'Lewd' vs. 'mainstream:' Whadaya think?

Posted on 13 Jan 2009 at 11:55am

The DMN’s arts blog has a post from Joy Tipping in which she laments that Uptown Players’ “Broadway Our Way” fundraiser was, if not too “gay,” at least not “mainstream” enough. Tipping attacks the show, calling it “lewd” and bemoaning the skin showed by John de los Santos, above. “I’m pretty liberal,” she says, then wonders why Uptown would not aim for a “broader audience” and get rid of the gay cliches.

Uh. Huh.

I have a rule of thumb that has served me well: Whenever someone begins a sentence with a statement such as “I consider myself pretty liberal…” what he really means is, “I am, deep down, a prude, but ashamed to admit it.” (I saw it during the run-up to the election, when in a week I heard two people — one on TV, one on the radio — say exactly the same thing: “I’m not a racist, but there’s no way I would ever vote for a black man.” Um, pardon me for pointing out the obvious, but I think that is the definition of a racist.)

DMN theater critic  Lawson Taitte added a comment in which he defended Uptown for doing some shows that do appeal to “wider audiences.” One of his examples: “Hair.” Let’s see… isn’t that the hippie musical with nudity that was a scandal in 1968? How, then, is it evidence of “mainstream” in 2009?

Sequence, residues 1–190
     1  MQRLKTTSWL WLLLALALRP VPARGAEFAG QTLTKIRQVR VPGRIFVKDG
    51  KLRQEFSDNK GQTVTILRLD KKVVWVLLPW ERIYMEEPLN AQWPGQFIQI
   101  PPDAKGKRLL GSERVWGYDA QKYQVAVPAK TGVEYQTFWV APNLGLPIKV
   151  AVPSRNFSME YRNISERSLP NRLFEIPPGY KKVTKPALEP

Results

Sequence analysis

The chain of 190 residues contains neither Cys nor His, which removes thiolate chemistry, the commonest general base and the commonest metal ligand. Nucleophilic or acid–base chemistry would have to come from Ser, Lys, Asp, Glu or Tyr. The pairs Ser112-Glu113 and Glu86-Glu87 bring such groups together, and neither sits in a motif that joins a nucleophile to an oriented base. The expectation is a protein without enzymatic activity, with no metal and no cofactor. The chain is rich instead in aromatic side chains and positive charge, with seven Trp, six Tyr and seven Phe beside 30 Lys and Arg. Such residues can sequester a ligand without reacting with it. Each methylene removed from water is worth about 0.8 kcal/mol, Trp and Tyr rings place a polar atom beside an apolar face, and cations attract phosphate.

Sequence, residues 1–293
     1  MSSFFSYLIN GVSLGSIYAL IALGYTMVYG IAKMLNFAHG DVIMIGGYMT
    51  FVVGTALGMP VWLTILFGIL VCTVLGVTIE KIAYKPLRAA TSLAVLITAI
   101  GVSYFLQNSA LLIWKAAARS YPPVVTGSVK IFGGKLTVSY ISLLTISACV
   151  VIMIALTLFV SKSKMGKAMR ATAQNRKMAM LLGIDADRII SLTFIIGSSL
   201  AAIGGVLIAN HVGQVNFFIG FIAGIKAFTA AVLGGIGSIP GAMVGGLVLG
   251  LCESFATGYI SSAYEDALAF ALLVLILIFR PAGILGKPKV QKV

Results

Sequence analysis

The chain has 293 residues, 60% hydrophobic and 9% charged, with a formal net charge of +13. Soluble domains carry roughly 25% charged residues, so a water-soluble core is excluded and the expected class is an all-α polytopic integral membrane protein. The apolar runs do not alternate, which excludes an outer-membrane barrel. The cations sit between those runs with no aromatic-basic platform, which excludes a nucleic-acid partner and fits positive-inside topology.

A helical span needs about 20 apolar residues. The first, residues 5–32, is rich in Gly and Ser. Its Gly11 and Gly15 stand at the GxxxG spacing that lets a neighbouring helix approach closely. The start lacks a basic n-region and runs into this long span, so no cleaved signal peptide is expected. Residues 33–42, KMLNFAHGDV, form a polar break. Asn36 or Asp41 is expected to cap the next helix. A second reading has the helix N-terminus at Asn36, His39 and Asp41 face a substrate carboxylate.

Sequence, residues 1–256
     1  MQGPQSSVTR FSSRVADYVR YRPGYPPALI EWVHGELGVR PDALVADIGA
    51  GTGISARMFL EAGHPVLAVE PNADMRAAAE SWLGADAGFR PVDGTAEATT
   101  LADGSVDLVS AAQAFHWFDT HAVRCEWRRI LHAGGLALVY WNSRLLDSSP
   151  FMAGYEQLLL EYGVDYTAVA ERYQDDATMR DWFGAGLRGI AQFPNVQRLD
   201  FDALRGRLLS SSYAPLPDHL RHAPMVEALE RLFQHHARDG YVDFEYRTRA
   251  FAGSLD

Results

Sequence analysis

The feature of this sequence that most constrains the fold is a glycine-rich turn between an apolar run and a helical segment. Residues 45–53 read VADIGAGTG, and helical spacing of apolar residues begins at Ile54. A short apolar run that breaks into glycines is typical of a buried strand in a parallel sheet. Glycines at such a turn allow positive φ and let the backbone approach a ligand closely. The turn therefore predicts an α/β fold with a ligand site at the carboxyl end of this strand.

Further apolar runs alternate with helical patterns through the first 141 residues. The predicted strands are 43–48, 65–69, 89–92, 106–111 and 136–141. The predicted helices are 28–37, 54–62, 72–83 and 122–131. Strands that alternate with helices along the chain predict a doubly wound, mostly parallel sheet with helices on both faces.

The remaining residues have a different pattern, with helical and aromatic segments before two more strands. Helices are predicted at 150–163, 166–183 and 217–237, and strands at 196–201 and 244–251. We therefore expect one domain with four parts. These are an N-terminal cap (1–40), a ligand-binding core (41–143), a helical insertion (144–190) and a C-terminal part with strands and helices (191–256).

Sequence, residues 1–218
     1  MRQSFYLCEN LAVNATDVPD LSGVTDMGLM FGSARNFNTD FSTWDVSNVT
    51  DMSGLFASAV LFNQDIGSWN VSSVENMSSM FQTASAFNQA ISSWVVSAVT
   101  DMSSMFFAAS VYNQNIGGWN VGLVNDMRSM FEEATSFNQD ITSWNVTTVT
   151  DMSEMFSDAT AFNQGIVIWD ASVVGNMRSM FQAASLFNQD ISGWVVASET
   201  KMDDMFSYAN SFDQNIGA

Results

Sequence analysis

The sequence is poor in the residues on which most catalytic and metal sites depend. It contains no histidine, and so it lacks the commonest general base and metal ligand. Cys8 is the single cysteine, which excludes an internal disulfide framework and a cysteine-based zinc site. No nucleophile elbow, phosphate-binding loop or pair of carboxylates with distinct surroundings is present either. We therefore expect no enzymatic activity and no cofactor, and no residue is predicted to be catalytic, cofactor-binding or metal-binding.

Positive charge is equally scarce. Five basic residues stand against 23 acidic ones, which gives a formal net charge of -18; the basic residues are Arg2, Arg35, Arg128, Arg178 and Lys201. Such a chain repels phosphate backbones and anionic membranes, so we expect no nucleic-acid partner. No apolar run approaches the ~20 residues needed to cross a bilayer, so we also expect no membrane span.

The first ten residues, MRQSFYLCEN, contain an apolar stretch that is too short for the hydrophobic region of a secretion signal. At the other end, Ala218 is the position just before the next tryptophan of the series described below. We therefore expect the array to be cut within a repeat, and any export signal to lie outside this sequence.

Because that’s how culture works, especially the theater: Prudes cluck their tongues one year, complaining about “lewdness” … then whine five years later that no one does anything daring, once “lewd” has become “edgy.” In the case of “BOW,” the gay jokes (and the flesh) were not only fun, funny and sexy — and, I’ll add, the product of writer-director Andi Allen, a straight middle-aged woman and anything but a prude — but they got terrific reactions from the opening night audience.

What do you think? Are sex toys in a comic song “gay cliches” and “lewd” or a savvy way to target a younger, hipper audience that appreciates entertainment that doesn’t bend over backward not to offend? 

There’s no accounting for taste, of course, and I’m not saying Tipping should like the show if she didn’t. But to chastise Uptown for not appealing to a “broader audience” seems to miss the point. While most theater companies struggle to maintain (not to say grow) their subscriber base, and find their audiences graying into their graves, Uptown has nearly 1,000 subscribers. On opening night, fully half the audience was made up of first-timers to “BOW” and many of them probably were born since I graduated high school. In fact, “Broadway Our Way” has virtually sold out every seat for the entire run already.

So let Tipping wonder why no one does enough Neil Simon anymore; Uptown Players will be too busy selling tickets to care.

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